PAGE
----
1. I'm so glad there are so many of you who prefer "real held-in-your-hand" books. Your questions about moms and where their attention is focused are valid.

  9. Smuckerstuff5/31/2023 9:49 AM

    And now the thoughts are spinning around in my head as well! There are so many different aspects to this... There's the different worlds that are so separate and when they bump into each other there is a jarring sensation. There are the ideas and feelings about what constitutes success. There's the whole world of inclusion and exclusion. And then there's me, in my little corner simply working on survival and recreating life from scratch at the ripe age of almost 50. And down the road I have my precious friend and neighbor who provides a warm and welcoming safe space for me, which is so precious and priceless. And while I wish that you could have every dream realized and satisfied, I do wonder whether you would be the same person if that was true.

    1. this is my cue to start crying and also to be grateful that you "get" so well what I was trying to process here.
      Your last sentence is profound. Wow.

  10. Ruth J Fisher5/31/2023 5:01 PM

    Just wanting you to know that I LOVE your books and articles, and am always refreshed by your honesty and sense of humor combined with wisdom and insights. There are many of us who need someone like you! I admire your courage in taking up the challenge of being a voice in your own way.

  11. 3. Children today have a hard time comprehending how ink and paper can communicate, sound, emotion, touch, taste and closeness. Last week one of my fifth graders was confused how anyone could know a song if they hadn’t heard it on YouTube. (Written music never existed in his world.) As much as I love the art of photography, my generation has little comprehension of the power of the pen.

  12. Though I have a kindle , I prefer hand held books too. Dorcas, I have a few of yours and I have enjoyed them all. As for trying to grow an audience I'm just not good at it. I think I lost quite a few followers when I moved to WordPress. Truthfully I just don't know what to write. I know that some of my posts more recently would get me banned on Facebook which I don't even have because it would be considered "hate" speech for speaking Biblical truth. You mentioned typewriters, I really miss typewriters. I think one "followed" us from our move from CA that used to be my mother -in- law's. Well, it appears I'm rambling now. I really enjoy your posts. Have a great week.

  13. I’m enjoying your books that I was recently recommended to read! Your writing is so relatable. I giggle, comment, wipe a tear, and read excerpts to my family- mostly to my four teen girls- and we laugh or eye roll together-some just sound so like us! 😁 They know without looking, which book I’m reading from…this generation needs you more than ever! For when “experiences” have all run out, the need for “real”, gentle, “boring” but secure, family connectedness will be seen as the wistful prize it is! Write on brave lady!!! 😇

  14. My fifth grader and I were learning about Phyllis Wheatley (1753-1784) this year. Apparently the publish-for-subscribers model is not new! That’s actually how they did it back then, authors had to take out ads in the newspaper looking for subscribers before they could publish.

    Also, I would definitely subscribe to your email newsletter, should you decide to create one.

    I really love your long and thoughtful posts here. I can’t really see this translated into Tik Toks. That’s why I’m not on social media. I think that’s probably true of a lot of your audience.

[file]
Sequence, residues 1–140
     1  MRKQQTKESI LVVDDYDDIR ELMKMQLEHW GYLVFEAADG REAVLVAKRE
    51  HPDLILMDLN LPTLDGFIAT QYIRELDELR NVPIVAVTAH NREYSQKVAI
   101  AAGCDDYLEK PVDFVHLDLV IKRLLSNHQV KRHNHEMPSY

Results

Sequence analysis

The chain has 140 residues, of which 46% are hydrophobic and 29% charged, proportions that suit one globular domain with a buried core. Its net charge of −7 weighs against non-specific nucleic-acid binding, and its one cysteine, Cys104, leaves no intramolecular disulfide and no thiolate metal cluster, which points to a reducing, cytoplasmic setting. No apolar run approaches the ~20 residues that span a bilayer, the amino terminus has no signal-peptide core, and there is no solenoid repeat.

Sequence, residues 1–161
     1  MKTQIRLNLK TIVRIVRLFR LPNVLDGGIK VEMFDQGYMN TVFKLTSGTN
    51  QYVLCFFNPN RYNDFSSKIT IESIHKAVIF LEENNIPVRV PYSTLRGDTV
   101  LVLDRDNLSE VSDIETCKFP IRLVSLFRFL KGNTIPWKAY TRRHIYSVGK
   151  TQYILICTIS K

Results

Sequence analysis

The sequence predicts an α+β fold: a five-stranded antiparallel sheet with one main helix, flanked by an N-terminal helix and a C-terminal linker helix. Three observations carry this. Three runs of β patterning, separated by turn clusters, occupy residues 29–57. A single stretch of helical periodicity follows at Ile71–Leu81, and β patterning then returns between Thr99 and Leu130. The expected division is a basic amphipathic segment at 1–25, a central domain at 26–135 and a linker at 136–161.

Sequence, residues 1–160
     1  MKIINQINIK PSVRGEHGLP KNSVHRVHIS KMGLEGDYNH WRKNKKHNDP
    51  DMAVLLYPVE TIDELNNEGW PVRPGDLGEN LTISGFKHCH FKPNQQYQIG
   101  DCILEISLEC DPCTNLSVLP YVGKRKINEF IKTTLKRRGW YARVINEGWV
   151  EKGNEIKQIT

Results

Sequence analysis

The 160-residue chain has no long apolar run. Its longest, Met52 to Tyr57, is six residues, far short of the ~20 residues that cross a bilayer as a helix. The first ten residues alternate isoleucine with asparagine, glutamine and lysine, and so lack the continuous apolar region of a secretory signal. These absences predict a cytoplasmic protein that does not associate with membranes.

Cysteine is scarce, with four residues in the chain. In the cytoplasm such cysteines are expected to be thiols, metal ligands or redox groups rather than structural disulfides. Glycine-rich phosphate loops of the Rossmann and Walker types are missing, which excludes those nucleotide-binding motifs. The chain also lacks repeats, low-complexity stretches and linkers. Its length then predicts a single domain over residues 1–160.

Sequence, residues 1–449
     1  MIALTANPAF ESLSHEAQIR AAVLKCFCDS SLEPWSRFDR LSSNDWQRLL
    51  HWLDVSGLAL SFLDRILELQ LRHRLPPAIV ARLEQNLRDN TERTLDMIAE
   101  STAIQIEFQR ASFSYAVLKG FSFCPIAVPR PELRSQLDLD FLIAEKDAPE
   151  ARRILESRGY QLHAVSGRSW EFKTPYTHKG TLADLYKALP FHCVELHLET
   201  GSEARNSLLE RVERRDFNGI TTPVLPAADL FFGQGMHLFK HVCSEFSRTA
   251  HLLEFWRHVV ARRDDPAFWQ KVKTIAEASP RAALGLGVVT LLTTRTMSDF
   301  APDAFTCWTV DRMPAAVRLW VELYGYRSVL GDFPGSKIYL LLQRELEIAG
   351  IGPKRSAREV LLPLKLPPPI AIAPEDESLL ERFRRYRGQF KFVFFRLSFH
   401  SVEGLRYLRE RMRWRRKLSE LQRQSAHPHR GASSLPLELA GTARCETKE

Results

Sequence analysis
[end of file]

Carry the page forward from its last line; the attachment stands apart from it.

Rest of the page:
15. It doesn't only apply to the older generation: I'm thirty-four and somewhere inbetween (I remember before the internet. My only just younger sibling doesn't), and though I still use the internet a lot, I've ended up coming off most social media because I don't feel it is healthy or helpful any more. And I have a blocker running on the vast majority of advertising. I love your last sentence! Hard sell always turns me off anything. Real marketing advice would involve how to get your particular work in front of the people who would enjoy/benefit from it. I would guess most of the type of work I might formally publish (poetry and fairy stories) would only be enjoyed by a fairly specialist audience (the sort who like the riddling metaphysical), and it is likely that those people mostly share my view of social media... I would love to find it was more people than I think it is likely to be, and that writing might be worth taking seriously as a way of earning a living, but in the end, if one person has benefited from something I wrote and put out for people to read, then that is a justification for it. Only the practical investment needs to stay proportionate. I agree that trying to trick people into signing onto a mailing list like that is dishonest - I suspect it isn't allowed here (UK). And your story about the Amish sisters-in-law is really encouraging.

    I prefer ebook because I need large print due to a vision problem (most things can be blown up big on a kindle) - and I wouldn't have been able to read your books or your daughter's recent book without it (because international shipping costs...) - i.e., there is an audience there, which can't be reached easily with paper print, though I have no idea how many people we consist of (either the visually impaired or the international readers). I started reading your work, as a part-time student in the UK, because I was trying to solve a problem with my ill-fitting sleeves while dressmaking, and a search turned up your blog post on the subject and I found the other things you wrote about interesting as well (it sorted my dress, too, incidentally - I can't remember if I thanked you about that before or not ><). Not sure what the build-a-brand marketing people would make of that sort of thing... :-)

  16. I'm in my 40s, old enough to understand and sympathize with your feelings about how drastically the tools of communication have changed within our lifetimes, young enough rot have learned to use many of those tools myself. Still, it's the content that attracts me to an author, not the glittery new communication tools. I have yet to find a young, tech savvy author whose ideas can hold a candle to older, experienced thinkers like you and Wendell Berry.